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in international law, formal agreement between sovereign states or organizations of states. The term treaty is ordinarily confined to important formal agreements, while less formal international accords are called conventions, acts, declarations, or protocols.

A treaty ordinarily deals with the rights and duties of nations, but treaties may also grant specific rights to private individuals. Although treaties deal with a great variety of subjects, they are commonly classified under a few heads. Political treaties deal with (among other things) alliances, war, cessions of territory, and rectification of boundaries. Commercial treaties may govern fisheries, navigation, tariffs, and monetary exchange. Legal treaties concern extradition of criminals, patent and copyright protection, and the like.

Treaties are designed to regularize the intercourse of nations, and, as such, they are the source of most international law. In some countries treaties are a part of the law of the land and are binding upon all persons. In the United States the Supreme Court has held that a treaty automatically abrogates any state or federal statute in conflict with it.

Treaties have existed ever since states came into existence. Records survive of Mesopotamian treaties dating before 3000 B.C., and in the Old Testament many treaties are mentioned. The Greeks and the Romans had elaborate ceremonials to emphasize the sanctity of treaties, and many current treaty practices have classical antecedents.

Negotiation, Ratification, and Interpretation

A treaty is negotiated by duly accredited representatives of the executive branch of the government; for the United States negotiations are ordinarily conducted by officials of the Dept. of State under the authority of the President. The preliminaries are not usually open to the public, but the record of all protocolprotocol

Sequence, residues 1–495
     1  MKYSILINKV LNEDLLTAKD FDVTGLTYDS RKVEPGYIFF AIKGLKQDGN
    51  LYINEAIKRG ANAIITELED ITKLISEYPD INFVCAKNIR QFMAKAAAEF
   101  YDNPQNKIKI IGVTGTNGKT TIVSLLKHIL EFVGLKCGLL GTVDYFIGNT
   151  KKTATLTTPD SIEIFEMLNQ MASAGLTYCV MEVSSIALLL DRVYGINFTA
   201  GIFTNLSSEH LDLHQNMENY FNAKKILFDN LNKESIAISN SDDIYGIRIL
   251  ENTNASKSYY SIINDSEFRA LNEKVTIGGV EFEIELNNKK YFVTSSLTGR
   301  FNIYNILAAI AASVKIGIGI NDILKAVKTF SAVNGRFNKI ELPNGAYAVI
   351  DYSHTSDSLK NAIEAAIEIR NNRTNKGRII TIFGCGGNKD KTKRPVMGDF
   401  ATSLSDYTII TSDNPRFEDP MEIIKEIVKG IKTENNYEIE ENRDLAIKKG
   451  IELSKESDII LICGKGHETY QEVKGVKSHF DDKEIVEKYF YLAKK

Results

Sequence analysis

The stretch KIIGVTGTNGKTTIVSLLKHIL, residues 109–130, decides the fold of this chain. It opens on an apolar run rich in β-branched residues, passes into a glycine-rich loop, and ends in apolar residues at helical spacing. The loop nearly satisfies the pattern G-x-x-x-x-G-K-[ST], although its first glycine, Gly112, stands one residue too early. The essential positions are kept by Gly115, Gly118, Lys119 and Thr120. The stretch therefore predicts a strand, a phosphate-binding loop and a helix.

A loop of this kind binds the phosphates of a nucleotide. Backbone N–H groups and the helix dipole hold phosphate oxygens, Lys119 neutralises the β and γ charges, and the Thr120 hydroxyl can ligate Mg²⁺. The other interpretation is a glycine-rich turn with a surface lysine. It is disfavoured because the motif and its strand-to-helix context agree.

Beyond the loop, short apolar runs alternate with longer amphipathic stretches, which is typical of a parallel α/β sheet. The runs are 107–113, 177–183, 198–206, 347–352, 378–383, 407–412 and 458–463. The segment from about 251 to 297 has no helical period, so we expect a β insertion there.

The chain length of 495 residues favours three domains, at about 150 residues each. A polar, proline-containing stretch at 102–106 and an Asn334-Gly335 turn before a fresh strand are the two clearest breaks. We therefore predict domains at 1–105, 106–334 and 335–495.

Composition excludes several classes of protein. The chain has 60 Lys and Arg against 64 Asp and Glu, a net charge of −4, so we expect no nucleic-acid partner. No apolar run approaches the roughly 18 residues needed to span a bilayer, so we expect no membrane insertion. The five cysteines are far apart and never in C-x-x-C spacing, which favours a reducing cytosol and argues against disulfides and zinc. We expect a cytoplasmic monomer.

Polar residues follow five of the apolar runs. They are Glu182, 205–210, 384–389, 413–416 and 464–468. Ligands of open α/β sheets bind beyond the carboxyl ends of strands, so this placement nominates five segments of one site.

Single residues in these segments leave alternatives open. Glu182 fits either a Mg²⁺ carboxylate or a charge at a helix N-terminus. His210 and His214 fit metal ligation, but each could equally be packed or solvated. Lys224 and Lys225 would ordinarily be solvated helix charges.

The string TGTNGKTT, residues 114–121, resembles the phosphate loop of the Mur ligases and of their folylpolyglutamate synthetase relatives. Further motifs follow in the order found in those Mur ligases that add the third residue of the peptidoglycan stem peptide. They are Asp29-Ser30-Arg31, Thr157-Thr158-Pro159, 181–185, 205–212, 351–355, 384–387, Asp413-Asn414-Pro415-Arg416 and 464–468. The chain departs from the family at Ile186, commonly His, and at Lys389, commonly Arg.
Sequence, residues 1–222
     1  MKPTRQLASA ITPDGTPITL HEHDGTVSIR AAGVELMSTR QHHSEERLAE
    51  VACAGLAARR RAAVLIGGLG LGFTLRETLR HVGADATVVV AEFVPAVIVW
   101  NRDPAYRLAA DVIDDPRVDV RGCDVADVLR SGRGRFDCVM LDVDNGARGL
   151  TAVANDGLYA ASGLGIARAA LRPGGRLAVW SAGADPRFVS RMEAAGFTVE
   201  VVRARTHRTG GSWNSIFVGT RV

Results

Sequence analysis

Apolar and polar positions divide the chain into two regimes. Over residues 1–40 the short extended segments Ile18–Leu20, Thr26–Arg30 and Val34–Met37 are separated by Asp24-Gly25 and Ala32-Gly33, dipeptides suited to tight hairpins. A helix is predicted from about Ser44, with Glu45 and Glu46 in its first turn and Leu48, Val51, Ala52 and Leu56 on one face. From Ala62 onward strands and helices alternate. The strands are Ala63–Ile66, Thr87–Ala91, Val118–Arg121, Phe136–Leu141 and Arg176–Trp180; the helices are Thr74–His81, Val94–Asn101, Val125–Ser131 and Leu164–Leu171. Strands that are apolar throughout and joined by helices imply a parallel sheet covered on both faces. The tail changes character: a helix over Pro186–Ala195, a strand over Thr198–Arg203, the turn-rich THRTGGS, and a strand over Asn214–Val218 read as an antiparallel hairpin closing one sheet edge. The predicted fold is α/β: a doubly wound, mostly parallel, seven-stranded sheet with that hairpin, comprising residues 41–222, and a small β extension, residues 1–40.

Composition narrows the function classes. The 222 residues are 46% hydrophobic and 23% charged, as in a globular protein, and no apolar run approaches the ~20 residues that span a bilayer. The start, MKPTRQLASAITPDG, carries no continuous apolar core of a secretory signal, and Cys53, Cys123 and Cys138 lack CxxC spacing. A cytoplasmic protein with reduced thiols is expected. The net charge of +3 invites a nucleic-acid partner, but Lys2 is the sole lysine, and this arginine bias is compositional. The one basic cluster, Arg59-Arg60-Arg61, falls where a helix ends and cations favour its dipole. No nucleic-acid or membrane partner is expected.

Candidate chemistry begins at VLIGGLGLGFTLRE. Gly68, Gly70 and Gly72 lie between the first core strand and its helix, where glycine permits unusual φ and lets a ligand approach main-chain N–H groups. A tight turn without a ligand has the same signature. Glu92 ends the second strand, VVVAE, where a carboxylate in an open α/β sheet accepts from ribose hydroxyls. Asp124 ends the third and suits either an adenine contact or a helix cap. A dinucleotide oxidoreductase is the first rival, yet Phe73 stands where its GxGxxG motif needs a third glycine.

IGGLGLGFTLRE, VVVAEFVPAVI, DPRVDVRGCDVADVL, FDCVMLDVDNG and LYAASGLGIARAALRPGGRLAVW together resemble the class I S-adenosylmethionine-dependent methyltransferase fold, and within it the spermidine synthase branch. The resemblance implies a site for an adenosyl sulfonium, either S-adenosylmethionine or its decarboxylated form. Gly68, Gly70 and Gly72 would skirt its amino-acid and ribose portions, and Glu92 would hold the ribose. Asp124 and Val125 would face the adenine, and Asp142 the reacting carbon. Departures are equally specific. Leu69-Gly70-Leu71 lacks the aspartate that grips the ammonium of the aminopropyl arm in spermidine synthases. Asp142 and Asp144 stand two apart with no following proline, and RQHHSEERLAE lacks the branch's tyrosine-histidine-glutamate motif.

, term referring to rules governing diplomatic conduct or to a variety of written instruments. Examples of the latter are authenticated minutes of international conferences; preliminary agreements, or statements of principle, which eventuate in a formal treaty; and
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 (i.e., the minutes) is preserved for use in case the treaty provisions require subsequent interpretation. Technical experts draft the text, which the government representatives then sign.

The treaty is next ratified by the signatory states in accordance with their regular practice. In the United States the Constitution requires that a treaty must be approved by two thirds of the Senate (executive agreements, however, which are undertaken through the President's powers and do not need the Senate's approval, account for a large number of the international agreements of the United States). It has been argued that such wartime agreements as those made by President Franklin Delano Roosevelt at the Yalta ConferenceYalta Conference,
meeting (Feb. 4–11, 1945), at Yalta, Crimea, USSR, of British Prime Minister Winston Churchill, U.S. President Franklin Delano Roosevelt, and Soviet Premier Joseph Stalin.
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 were in effect secret treaties. A treaty comes into effect when the ratifications are formally exchanged.

Members of the United Nations are required to register their treaties with that organization (following the like practice of the League of Nations), and a treaty that has not been registered may not be invoked before a UN agency. If treaties between UN members conflict with their obligations under the Charter of the United Nations, the Charter takes precedence.

The interpretation of treaties, like that of all legal documents, may present great difficulties. There is no tribunal with compulsory and final jurisdiction to interpret a treaty; parties may, however, voluntarily submit a dispute to the International Court of Justice (World Court) or the Permanent Court of Arbitration (Hague Tribunal).